Eventually, when her hip collapsed and she was confined to a wheelchair, ND provided an on-campus, user-friendly apartment. They gave her the use of an electric scooter (top speed 5 mph) to take herself into buildings, up elevators and into her classes. And so much more.
We didn’t know all that, of course, on our first ND visit. We didn’t know everything would go wrong at Riley a couple of weeks after surgery, that she would come within a hair’s breadth of losing her life from a post-surgical bowel obstruction requiring an emergency second surgery and a difficult three-month convalescence.
And we didn’t know that against all odds, Karis would be well enough by August to begin fall semester at Notre Dame. Temporarily, free of her central line and TPN.
Without knowing any of that, just before her first surgery at Riley, Karis handed me a postcard confirming her decision to enroll at Notre Dame in the fall. I detoured on the way to the surgical waiting room to mail her postcard, asking God how this made any sense. “Trust me. Isaiah 65” came clearly to my mind. I looked it up:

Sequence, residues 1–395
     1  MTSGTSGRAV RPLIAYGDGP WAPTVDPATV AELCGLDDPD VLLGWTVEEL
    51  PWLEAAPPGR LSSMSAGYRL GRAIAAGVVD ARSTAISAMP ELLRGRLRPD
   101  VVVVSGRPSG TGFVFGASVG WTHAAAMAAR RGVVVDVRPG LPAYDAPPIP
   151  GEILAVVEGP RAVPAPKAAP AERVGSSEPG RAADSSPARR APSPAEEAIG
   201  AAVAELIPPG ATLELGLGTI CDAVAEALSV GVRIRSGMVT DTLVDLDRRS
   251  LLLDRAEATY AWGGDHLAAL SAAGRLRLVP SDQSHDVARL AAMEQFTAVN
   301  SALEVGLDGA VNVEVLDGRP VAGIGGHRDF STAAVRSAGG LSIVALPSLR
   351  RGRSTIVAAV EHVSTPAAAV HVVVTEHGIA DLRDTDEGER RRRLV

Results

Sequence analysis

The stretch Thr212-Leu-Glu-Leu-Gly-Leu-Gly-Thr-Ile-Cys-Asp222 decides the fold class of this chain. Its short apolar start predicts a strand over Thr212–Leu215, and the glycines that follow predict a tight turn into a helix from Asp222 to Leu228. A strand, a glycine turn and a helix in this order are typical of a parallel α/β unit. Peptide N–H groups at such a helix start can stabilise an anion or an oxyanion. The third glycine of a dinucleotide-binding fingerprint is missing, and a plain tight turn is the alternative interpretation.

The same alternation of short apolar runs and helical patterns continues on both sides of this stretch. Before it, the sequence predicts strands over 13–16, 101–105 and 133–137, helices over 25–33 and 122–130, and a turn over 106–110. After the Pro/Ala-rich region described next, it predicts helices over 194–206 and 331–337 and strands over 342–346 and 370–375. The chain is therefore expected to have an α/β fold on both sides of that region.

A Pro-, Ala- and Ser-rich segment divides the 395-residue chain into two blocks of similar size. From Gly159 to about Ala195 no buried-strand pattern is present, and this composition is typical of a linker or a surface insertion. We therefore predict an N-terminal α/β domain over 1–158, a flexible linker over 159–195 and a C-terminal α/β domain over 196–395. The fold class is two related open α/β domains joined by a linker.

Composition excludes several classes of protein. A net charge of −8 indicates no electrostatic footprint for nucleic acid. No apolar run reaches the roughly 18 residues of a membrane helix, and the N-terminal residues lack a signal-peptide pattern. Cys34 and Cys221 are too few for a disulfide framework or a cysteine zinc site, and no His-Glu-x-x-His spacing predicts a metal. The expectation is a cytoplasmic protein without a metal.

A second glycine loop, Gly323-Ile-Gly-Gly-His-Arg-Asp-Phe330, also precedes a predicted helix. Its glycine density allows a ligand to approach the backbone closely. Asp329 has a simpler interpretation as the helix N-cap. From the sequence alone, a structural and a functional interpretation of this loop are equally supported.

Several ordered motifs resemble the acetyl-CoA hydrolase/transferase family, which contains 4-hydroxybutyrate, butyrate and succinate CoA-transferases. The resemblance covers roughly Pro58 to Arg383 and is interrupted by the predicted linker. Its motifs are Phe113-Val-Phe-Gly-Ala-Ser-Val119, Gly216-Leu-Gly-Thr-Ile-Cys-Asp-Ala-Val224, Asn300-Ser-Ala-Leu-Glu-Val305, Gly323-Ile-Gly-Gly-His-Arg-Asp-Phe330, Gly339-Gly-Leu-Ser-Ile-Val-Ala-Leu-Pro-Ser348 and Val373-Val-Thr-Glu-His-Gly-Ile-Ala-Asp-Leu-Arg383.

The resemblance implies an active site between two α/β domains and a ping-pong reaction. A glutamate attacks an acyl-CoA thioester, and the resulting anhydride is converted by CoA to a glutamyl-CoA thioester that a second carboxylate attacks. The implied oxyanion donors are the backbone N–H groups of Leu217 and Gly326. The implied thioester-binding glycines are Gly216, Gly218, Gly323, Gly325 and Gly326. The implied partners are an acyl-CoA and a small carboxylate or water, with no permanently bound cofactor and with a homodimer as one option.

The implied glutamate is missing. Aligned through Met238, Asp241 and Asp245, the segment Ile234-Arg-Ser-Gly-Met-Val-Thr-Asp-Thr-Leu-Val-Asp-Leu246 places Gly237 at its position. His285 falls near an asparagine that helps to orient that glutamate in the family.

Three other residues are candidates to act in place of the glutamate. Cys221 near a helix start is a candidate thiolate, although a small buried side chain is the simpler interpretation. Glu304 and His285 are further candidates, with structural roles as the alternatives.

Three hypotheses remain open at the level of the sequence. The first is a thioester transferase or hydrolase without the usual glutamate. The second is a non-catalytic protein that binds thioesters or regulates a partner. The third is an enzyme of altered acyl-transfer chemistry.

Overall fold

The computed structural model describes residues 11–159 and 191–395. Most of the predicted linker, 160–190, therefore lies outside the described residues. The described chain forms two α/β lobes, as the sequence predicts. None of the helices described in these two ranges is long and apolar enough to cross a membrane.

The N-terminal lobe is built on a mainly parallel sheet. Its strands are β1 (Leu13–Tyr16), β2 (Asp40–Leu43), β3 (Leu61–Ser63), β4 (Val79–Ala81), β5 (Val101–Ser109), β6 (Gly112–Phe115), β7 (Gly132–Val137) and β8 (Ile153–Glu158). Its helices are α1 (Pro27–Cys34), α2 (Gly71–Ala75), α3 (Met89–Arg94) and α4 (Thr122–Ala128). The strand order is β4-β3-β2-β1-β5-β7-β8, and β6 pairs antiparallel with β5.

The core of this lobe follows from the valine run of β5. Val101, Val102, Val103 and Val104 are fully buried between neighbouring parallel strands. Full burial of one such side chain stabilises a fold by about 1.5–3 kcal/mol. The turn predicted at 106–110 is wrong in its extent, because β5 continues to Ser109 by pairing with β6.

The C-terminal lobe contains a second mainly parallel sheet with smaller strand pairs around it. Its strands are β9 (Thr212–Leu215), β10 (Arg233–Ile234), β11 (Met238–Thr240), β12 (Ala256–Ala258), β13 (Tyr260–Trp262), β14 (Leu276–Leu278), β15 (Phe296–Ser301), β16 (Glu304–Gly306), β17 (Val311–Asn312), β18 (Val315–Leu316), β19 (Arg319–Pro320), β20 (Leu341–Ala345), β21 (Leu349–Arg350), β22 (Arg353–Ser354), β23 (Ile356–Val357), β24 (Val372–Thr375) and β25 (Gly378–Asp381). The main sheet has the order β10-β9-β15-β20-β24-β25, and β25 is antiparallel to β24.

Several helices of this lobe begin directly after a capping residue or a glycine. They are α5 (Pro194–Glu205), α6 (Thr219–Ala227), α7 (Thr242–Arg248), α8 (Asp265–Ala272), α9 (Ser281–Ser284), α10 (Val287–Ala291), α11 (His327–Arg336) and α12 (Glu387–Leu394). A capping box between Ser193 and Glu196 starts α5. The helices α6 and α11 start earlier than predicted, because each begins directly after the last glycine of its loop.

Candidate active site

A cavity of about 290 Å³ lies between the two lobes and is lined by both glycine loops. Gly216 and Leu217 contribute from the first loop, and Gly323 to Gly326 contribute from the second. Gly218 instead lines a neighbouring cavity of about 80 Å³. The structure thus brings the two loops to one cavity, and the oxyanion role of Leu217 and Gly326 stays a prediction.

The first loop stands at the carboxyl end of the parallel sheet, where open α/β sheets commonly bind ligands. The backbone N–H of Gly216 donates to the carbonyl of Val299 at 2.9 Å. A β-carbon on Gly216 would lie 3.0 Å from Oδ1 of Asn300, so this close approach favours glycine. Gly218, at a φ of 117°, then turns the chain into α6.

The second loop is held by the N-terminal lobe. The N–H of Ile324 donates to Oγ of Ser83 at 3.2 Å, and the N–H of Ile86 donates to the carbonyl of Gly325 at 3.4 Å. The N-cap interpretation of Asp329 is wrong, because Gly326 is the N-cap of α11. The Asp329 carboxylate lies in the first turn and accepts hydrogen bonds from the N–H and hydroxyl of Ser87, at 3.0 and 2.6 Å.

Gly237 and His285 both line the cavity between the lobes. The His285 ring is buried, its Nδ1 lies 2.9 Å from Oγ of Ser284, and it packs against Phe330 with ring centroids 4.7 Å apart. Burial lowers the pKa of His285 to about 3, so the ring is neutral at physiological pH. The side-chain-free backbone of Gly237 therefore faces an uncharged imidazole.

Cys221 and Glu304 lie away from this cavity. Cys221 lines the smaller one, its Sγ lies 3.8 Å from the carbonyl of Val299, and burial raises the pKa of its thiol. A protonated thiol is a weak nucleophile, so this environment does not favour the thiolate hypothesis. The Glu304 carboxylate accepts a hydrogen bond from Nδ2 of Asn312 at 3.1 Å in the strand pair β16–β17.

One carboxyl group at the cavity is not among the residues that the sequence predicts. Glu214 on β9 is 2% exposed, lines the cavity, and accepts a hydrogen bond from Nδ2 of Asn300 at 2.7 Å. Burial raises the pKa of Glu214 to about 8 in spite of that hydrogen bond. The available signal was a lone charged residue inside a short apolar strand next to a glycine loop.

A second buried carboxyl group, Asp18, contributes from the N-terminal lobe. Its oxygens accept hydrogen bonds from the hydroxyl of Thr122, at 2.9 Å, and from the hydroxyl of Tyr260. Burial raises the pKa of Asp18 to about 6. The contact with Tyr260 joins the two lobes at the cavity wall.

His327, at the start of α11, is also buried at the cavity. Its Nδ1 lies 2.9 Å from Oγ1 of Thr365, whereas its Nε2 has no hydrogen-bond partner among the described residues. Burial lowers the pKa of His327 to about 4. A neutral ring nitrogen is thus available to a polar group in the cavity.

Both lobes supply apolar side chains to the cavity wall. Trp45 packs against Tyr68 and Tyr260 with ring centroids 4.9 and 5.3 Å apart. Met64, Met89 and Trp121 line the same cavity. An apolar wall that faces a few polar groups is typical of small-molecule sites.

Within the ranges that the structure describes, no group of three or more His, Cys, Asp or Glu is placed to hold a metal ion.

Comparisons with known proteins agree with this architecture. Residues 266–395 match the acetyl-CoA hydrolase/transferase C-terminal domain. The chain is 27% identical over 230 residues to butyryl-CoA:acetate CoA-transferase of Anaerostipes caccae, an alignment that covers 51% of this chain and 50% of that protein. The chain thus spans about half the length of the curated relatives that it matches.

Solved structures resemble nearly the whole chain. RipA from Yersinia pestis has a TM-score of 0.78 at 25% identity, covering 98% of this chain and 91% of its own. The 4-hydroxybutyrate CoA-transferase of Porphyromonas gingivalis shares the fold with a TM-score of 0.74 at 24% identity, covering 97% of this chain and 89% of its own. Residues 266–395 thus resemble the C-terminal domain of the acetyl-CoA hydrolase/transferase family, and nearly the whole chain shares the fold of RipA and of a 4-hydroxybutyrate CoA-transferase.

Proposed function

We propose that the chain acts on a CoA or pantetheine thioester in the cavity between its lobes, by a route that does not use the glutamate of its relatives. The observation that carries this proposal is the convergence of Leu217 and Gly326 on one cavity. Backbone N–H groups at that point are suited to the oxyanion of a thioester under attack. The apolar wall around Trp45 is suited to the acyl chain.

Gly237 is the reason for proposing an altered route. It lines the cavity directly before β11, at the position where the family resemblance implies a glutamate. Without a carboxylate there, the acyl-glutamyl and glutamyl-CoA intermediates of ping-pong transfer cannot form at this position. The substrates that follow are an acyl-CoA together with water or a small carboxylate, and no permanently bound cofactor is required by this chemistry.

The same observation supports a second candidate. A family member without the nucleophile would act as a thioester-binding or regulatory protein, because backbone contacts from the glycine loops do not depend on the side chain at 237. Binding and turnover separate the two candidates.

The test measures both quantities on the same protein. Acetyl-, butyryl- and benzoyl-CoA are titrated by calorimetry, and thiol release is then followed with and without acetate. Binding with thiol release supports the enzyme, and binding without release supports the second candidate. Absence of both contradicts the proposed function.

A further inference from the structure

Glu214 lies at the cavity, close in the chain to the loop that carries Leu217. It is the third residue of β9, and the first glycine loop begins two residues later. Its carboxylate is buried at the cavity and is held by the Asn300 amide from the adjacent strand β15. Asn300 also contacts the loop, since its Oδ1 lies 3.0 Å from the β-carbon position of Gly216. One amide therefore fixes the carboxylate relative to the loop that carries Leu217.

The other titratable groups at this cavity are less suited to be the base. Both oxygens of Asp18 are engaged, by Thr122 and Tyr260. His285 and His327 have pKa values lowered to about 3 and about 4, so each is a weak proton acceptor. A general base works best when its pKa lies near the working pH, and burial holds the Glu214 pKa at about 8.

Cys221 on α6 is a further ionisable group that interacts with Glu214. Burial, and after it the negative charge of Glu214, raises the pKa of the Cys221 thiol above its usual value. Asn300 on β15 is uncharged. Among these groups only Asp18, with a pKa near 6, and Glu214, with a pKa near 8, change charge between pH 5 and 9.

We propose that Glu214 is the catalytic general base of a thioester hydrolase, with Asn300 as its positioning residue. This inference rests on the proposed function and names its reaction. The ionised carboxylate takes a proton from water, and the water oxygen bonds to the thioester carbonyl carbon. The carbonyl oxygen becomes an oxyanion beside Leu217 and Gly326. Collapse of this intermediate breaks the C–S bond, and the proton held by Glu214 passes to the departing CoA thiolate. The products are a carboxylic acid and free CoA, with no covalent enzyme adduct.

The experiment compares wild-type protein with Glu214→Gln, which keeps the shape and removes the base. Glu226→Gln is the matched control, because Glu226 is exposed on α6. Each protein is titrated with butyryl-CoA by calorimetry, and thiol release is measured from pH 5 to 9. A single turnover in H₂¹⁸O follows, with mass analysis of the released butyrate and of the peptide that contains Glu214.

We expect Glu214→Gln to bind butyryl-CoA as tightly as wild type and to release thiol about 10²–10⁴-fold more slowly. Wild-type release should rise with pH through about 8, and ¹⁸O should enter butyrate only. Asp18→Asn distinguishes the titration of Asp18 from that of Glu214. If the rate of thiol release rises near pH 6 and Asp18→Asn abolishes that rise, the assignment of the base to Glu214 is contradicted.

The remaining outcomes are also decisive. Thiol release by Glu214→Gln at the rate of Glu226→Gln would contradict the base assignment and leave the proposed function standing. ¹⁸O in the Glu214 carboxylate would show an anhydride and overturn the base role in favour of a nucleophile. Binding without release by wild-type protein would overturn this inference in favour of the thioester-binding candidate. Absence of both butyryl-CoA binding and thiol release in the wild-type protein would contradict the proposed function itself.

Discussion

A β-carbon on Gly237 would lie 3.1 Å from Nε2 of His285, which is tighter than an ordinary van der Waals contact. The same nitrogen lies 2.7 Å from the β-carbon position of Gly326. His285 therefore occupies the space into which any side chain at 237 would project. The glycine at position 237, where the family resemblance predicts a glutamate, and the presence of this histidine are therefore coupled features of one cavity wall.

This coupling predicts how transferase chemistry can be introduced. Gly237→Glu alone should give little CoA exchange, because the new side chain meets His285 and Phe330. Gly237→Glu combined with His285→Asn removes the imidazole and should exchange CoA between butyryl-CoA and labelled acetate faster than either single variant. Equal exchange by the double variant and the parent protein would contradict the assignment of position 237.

…For my people will live as long as trees, and my chosen ones will have time to enjoy their hard-won gains. 23 They will not work in vain, and their children will not be doomed to misfortune. For they are people blessed by the Lord, and their children, too, will be blessed. 24 I will answer them before they even call to me. While they are still talking about their needs, I will go ahead and answer their prayers!
This is our God, who delights in transforming impossibilities into unimaginable realities.
Psalm 5:11-12 But let all who take refuge in you rejoice; let them sing joyful praises forever. Spread your protection over them, that all who love your name may be filled with joy. For you bless the godly, O Lord; you surround them with your shield of love.
Joy. A feeling of great pleasure and happiness. Delight. Jubilation. Triumph. Exultation. Elation.
These are just a few of the synonyms we use to express this wonderful feeling. Scripture has a whole lot to say about this quality, the one we celebrate in Advent with the pink candle, indicating a shift from repentance toward celebration of the soon-coming King. It’s also called the Shepherd candle, Jesus as shepherd and the welcome of the shepherds:
“Don’t be afraid!” the angel said [to the shepherds]. “I bring you good news that will bring great joy to all peoples.” . . . The shepherds went back to their flocks, glorifying and praising God for all they had heard and seen. (Read the whole story in Luke 2:8-20.)